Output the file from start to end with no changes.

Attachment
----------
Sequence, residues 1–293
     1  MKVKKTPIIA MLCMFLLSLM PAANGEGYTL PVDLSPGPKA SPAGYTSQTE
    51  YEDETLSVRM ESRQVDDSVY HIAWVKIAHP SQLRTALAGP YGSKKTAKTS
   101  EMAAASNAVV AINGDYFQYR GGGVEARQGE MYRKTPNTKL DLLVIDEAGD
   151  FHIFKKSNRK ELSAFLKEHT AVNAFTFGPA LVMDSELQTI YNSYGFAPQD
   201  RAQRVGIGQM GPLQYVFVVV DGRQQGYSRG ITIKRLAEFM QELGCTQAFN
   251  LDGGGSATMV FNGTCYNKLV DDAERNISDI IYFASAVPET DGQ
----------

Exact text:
Sequence, residues 1–293
     1  MKVKKTPIIA MLCMFLLSLM PAANGEGYTL PVDLSPGPKA SPAGYTSQTE
    51  YEDETLSVRM ESRQVDDSVY HIAWVKIAHP SQLRTALAGP YGSKKTAKTS
   101  EMAAASNAVV AINGDYFQYR GGGVEARQGE MYRKTPNTKL DLLVIDEAGD
   151  FHIFKKSNRK ELSAFLKEHT AVNAFTFGPA LVMDSELQTI YNSYGFAPQD
   201  RAQRVGIGQM GPLQYVFVVV DGRQQGYSRG ITIKRLAEFM QELGCTQAFN
   251  LDGGGSATMV FNGTCYNKLV DDAERNISDI IYFASAVPET DGQ